Supported by the World Federation of Hemophilia (WFH), hemophilia awareness day was first established in 1989. The date of 17th April was chosen to honor Frank Schnabel the founder of WFH, whose birthday falls on the same date.
Hemophilia is a condition in which bleeding is prolonged. Hemophilia is a condition present from birth and is normally inherited; you can’t ‘catch’ hemophilia or pass it onto others. In some rare instances, hemophilia may develop later in life (typically affecting people in the 50+ age group).
The incidence of hemophilia is quite low. Statistics on the incidence of hemophilia vary however, its estimated that in the United States 1 in every 5,000 -10,000 people are born with it.
When a person without hemophilia bleeds, normal levels of clotting factor, a protein in the blood, causes the blood to clot and stops the bleeding. However, hemophiliacs (people with hemophilia) have lower levels of clotting factor in the the blood and bleeding continues for much longer periods.
Raising Awareness About Each Type
There are two types of hemophilia. Each type is linked to a low level of a certain clotting factor. Hemophilia A is the more common type and is linked to low levels of clotting factor VIII (8). Hemophilia B is more rare and is associated with low levels of clotting factor IX (9). Hemophilia is diagnosed by taking a blood sample and testing the levels of clotting factor VIII & IX.
Each type of hemophilia causes prolonged bleeding which is the main symptom of hemophilia. Bleeding can range from mild to severe. Bleeding is often internal, although people can bleed outside the body too.
Other symptoms include spontaneous bleeding, bleeding into the muscles or joints, bleeding for a prolonged period after having surgery, having a cut or dental work, and big bruises. In very mild cases, bleeding may be for a shorter duration and only arise after injury or surgery.
In severe cases, bleeding is spontaneous, with no obvious cause and is more frequent (around one to two times a week). In severe cases, bleeding may go into the joints and muscles of the muscles of the body. Further symptoms may include, swelling, pain and stiffness, an ache or problems using the muscle or joint. Repetitive bleeding into a joint can also cause arthritis.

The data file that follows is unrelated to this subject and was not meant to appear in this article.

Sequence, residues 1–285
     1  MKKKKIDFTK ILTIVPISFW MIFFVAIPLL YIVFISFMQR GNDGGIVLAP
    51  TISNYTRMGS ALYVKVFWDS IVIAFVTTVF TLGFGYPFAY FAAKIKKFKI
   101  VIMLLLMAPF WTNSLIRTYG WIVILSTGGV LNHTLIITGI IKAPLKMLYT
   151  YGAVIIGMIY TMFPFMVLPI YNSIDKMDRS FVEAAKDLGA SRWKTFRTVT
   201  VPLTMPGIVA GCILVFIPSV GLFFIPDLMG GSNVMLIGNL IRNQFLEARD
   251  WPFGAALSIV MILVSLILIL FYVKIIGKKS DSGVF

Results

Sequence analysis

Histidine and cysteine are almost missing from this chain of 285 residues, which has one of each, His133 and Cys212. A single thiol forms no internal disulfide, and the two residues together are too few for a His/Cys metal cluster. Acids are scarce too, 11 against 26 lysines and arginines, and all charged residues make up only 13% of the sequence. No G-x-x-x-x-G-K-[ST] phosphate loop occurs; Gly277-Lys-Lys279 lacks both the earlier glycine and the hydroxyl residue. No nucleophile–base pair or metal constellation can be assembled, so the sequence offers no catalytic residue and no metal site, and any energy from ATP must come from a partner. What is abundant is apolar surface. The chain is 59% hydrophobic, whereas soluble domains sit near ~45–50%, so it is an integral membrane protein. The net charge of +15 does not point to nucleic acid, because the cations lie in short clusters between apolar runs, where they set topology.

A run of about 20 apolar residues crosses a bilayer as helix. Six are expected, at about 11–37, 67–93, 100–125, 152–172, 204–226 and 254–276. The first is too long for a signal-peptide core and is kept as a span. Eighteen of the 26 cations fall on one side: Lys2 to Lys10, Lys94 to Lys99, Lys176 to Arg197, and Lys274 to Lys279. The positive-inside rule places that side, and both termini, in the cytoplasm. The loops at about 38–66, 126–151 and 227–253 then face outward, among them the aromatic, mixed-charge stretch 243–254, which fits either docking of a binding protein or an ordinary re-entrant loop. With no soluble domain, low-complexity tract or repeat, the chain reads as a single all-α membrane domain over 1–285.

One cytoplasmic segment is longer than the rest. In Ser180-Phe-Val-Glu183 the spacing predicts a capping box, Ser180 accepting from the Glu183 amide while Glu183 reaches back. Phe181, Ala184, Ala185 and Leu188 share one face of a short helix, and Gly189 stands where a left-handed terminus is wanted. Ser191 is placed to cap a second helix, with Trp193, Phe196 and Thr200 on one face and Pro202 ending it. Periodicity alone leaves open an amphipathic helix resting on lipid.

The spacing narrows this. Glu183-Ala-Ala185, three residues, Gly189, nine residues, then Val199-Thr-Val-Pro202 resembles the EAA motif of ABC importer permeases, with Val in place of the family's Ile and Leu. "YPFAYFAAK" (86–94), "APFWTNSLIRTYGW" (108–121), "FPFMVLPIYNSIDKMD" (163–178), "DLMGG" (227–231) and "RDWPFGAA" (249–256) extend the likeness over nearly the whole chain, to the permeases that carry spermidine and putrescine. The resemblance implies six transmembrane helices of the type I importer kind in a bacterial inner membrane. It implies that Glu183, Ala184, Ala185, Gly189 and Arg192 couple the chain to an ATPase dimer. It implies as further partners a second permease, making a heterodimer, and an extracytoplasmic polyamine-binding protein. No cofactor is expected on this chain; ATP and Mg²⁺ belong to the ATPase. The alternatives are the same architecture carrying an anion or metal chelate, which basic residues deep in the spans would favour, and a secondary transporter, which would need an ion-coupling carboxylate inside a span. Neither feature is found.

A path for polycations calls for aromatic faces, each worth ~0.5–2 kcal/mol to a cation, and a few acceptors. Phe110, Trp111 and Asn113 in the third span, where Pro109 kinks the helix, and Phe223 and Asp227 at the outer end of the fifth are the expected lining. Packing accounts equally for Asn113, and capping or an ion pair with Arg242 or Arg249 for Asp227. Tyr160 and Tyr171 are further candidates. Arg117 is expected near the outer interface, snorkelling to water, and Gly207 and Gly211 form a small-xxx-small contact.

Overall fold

Left untreated, severe cases of hemophilia can lead to an early death. However, there are successful treatment options available, and if managed, people with hemophilia are largely unaffected by this condition living full and healthy lives. Treatments for hemophilia involve injecting the missing clotting factor into the bloodstream.
Why do we need an awareness campaign for hemophilia?
Unfortunately, there are many people in the world, who receive poor treatment or no treatment at all, for hemophilia and related bleeding disorders. According to the World Federation of Hemophilia, about 1 in every 1000 person has a bleeding disorder; many are left untreated. The aim of World Hemophilia Day is to raise awareness about hemophilia and increase the availability of treatments for this condition around the world.
As with many other awareness campaigns, a simple but effective slogan is used to help raise awareness for the issues concerned. The slogan for World Hemophilia Day is ‘Close The Gap’, which reflects the difference in treatments available to people living in different parts of the world. By working together, it is hoped that we can close the gap of hemophilia care around the world. ‘Close The Gap’, is an apt phrase; when blood clots, a ‘gap’ is closed which stops bleeding.
Dr D K Jha,
Associate Professor, Dept of Medicine, RIMS, Ranchi